Why it's not always good to relocate a mother skunk
Wildlife centre cared for 80 baby skunks throughout the season last year after mothers were removed or killed
Eight baby skunks currently call the Alberta Institute for Wildlife Conservation home, but the institute says it expects dozens more through its doors before the summer is over.
The institute nursed 80 baby skunks before releasing them last year, and staff anticipate about the same number this year, according to education and community engagement co-ordinator Katrina Jansen.
She said the main reason baby skunks are brought to the hospital is because their mother has disappeared and is no long around to care for them.
Skunks are currently giving birth to tiny kits all across Alberta right now. The baby skunks are born with their eyes closed, and stay hidden from view for more than a month.
Often their mother leaves for food, but sometimes they never come back. Sometimes they are hit by a car, or the entrance to their den is blocked, but the most common issue is relocation.
'The mother was moved'
Jansen said one example of this is the "tragic story" of a group of four baby skunks they are currently caring for.
"Unfortunately their mother was trapped and relocated, but at the time the babies were still hiding in their den," she said.
"The mother was moved away from the babies, and of course not knowing that the babies were there, the people didn't think to look for them."
Jansen said the babies came crawling out of their den several days later "absolutely starving" because their mother hadn't been back to feed them.
The institute says relocating a skunk is not only terrible for her babies, but it is often a death sentence for the mother.
"Being placed in a remote area where she is unaware of sources of food, water or the local predators almost always has dire consequences," the group said in a Facebook post entitled SOS (Save our Skunks).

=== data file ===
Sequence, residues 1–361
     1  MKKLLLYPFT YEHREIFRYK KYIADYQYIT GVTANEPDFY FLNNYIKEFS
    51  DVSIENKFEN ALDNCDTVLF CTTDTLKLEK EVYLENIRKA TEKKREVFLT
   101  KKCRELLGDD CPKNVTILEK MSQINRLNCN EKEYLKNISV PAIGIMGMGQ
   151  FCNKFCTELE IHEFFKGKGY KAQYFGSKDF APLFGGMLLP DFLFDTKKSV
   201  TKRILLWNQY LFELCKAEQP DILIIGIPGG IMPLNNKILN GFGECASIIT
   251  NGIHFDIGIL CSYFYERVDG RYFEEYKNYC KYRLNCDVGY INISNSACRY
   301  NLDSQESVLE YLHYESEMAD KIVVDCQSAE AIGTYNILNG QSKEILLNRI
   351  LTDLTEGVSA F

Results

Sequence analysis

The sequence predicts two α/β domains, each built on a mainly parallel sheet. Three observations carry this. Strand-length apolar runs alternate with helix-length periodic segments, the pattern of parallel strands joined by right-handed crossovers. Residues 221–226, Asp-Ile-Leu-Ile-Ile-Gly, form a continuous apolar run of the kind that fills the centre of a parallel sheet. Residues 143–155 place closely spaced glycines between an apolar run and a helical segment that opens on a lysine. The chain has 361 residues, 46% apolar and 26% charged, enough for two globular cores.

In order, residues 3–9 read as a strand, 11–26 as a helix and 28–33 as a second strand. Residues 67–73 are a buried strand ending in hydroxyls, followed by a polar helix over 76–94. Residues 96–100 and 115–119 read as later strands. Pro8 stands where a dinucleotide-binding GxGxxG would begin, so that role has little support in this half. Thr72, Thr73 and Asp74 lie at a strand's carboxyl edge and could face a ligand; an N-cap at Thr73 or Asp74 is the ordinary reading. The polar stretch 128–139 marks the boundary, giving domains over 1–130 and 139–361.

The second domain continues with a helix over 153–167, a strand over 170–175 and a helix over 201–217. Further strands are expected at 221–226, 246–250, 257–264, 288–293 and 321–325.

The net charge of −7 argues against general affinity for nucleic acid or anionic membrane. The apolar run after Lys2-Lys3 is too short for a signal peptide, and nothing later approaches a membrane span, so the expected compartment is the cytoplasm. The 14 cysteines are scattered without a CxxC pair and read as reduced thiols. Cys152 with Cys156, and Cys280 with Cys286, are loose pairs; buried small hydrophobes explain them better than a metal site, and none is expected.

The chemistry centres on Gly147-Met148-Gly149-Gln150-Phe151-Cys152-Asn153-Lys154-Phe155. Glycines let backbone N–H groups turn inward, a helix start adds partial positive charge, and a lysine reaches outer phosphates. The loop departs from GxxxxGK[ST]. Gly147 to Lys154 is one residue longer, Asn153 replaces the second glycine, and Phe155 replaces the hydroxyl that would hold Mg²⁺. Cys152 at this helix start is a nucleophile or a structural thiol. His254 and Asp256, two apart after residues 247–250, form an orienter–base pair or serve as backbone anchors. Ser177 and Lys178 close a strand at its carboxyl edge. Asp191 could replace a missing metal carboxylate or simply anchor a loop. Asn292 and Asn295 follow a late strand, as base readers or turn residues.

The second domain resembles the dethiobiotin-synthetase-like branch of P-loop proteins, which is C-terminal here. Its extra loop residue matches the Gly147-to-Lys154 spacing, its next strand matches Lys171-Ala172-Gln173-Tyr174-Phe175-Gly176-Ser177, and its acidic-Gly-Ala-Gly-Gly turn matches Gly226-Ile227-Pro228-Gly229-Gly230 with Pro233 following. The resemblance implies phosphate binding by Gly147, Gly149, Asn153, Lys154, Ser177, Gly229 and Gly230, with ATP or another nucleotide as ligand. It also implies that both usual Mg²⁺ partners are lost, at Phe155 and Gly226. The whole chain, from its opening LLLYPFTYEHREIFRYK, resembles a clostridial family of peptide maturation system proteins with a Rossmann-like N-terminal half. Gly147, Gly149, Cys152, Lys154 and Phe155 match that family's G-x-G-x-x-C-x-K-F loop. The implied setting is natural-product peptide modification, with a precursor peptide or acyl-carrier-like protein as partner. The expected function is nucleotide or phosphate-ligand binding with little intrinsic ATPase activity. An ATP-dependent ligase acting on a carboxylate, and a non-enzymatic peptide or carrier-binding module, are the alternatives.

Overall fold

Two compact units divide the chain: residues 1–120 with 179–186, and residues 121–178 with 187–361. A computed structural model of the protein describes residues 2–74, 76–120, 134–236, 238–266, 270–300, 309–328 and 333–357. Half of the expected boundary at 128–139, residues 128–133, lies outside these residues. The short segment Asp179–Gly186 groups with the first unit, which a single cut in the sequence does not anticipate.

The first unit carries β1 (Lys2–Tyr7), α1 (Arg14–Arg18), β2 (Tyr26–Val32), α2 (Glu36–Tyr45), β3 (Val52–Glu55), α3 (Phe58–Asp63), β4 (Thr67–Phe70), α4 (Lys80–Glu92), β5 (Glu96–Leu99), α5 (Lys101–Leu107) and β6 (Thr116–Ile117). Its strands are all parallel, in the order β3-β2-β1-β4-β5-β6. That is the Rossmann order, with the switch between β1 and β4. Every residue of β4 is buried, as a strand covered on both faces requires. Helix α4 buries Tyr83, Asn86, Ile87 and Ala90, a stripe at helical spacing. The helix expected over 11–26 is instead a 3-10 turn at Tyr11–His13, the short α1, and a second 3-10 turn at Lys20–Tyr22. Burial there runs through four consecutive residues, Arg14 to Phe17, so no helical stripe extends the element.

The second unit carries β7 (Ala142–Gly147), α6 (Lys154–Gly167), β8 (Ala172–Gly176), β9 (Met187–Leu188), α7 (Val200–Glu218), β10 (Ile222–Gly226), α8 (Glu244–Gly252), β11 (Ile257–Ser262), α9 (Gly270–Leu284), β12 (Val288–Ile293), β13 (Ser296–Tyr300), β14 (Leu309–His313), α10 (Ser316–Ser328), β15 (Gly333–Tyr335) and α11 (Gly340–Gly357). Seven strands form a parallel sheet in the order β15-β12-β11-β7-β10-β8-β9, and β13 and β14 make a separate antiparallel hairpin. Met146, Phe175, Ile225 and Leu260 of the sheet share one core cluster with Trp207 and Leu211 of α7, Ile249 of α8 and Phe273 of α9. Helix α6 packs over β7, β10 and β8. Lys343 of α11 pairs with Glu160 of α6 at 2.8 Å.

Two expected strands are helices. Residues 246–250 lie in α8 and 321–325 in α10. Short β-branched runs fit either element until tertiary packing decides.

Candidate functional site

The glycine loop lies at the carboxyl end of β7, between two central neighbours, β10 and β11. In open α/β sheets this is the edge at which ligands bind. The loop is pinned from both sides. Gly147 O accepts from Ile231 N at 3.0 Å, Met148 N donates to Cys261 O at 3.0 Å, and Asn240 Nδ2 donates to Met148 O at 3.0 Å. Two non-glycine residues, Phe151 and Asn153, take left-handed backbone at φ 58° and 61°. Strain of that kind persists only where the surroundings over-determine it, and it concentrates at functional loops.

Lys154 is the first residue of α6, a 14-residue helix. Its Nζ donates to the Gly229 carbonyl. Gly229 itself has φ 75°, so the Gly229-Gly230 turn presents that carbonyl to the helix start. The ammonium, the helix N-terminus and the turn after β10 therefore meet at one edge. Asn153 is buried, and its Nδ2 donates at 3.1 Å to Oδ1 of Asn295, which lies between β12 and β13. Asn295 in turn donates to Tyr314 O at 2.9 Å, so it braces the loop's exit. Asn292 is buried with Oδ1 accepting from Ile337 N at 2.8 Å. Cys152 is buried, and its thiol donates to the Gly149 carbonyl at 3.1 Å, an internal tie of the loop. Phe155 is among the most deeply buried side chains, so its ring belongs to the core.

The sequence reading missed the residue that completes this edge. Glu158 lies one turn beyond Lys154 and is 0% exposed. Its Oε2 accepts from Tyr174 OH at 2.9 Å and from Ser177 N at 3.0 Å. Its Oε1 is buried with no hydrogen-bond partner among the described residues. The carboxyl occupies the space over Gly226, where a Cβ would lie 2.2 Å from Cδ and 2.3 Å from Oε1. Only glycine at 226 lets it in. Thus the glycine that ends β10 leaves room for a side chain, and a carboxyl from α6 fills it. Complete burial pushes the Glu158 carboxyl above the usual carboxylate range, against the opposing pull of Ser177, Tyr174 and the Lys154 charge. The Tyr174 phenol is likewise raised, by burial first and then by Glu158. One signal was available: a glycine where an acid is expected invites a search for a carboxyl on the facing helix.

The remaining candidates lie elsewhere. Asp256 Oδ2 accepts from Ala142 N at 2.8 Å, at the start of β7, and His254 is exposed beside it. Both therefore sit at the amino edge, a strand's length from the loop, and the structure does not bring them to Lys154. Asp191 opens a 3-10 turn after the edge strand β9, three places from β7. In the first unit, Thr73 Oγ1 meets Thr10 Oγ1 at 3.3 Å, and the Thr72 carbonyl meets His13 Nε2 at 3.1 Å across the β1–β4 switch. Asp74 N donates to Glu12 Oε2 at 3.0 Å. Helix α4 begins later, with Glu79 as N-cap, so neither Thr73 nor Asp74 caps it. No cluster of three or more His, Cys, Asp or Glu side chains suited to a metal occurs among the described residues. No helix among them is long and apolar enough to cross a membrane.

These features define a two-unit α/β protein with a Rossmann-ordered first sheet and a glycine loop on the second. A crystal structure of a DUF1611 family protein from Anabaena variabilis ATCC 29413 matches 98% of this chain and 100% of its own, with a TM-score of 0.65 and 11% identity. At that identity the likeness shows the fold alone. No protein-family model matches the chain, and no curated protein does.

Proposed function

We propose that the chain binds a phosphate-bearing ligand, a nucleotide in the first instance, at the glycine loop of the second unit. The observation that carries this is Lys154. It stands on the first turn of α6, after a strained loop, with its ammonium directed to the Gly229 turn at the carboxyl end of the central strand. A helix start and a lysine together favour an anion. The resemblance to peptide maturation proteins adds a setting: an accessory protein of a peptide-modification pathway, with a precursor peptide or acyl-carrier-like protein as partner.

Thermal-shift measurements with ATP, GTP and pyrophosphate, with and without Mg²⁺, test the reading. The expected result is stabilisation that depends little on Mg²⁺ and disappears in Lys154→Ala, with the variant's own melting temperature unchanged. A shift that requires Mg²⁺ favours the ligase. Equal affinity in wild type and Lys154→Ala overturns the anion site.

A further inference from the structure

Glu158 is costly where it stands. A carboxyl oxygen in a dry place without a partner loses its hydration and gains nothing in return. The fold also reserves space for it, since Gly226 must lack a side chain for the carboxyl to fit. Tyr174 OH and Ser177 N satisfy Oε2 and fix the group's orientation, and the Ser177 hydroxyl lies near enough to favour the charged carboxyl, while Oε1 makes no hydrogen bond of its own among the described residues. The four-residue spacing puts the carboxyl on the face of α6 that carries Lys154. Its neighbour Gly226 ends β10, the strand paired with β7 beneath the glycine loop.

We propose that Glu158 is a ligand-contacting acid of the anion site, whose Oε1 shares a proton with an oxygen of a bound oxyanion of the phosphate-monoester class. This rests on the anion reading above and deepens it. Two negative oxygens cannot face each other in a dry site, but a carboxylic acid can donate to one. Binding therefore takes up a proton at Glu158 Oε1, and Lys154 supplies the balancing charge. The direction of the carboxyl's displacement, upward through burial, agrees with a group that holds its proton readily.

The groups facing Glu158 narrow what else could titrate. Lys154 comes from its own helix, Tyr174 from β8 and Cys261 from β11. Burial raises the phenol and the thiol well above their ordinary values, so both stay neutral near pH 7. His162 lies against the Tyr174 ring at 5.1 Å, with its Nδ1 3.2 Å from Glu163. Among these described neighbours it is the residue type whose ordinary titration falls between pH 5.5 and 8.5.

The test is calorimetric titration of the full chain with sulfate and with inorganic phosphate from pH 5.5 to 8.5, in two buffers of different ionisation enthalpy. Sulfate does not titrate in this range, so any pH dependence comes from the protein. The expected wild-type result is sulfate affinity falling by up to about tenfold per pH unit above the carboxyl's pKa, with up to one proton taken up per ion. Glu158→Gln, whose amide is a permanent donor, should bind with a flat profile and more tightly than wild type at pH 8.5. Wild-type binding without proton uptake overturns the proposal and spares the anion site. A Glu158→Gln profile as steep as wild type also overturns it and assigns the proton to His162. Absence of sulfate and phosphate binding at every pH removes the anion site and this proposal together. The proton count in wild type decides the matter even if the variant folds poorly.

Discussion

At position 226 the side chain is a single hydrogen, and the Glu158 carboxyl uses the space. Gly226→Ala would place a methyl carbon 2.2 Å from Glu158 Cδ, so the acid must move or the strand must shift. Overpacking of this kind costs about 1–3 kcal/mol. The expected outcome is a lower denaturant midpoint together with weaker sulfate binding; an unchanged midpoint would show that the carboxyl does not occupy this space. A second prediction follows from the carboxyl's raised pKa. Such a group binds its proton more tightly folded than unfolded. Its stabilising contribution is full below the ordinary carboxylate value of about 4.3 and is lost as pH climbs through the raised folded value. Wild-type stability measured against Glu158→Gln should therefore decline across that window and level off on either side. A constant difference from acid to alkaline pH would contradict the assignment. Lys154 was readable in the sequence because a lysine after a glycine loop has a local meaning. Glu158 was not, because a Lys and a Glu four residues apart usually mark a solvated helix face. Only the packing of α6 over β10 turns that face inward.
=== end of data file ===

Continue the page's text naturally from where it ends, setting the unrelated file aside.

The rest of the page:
"In addition to this, moving a skunk does not stop the problem. If it's good habitat, and there is no local skunk to defend it, another skunk will most likely move right in."
'Am I going to get sprayed?'
When people find out there are skunks at their facility, Jansen said the first question is often the same: am I going to get sprayed?
Jansen said realistically skunks have only a little bit of spray stored up.
"They really don't like spraying willy-nilly all over the place," she said. "They save it for instances where they're absolutely certain that they're about to be eaten."
Jansen said skunks generally have enough spray for only three or four shots. After that, it takes nearly three weeks for them to replenish their supply.
She said skunks would much rather run away than spray.
"Spraying is really just a way for them to stop you from chasing after them," she said.
And often time they'll warn you before spraying, according to Jansen.
"They'll raise up their tail, they'll stamp their front feet, they'll even hiss a bit like a cat, and charge," she said.
Jansen said she knows dogs are often the victims of skunk-spraying incidents — something she attributes to dog-like animals in the wild that hunt the skunks.
"The skunk will probably spray them because they are scared for their lives," she said.
'Great pest control neighbours'
When the babies come to the conservation facility, Jansen said, they feed them a special milk-like formula specifically for skunks, along with a mixture of ground beef and vegetables, and sometimes some scrambled eggs.
But, when they're in the wild, Jansen said they eat "anything and everything."
In fact, Jansen said, skunks actually make "great pest-control neighbours" because they love eating mice, wasps and other insects.
Jansen said the babies will stay at the facility for another couple of months, and will be released back into the wild when they're around 1.2 kilograms.
"At that point, they're able to find food for themselves, they're able to take care of themselves, and they would probably be leaving their mom around the same time anyway," she said.
If anyone finds baby skunks wandering by themselves they can call the institute's hotline at 403-946-2361.
With files from Julie Debeljak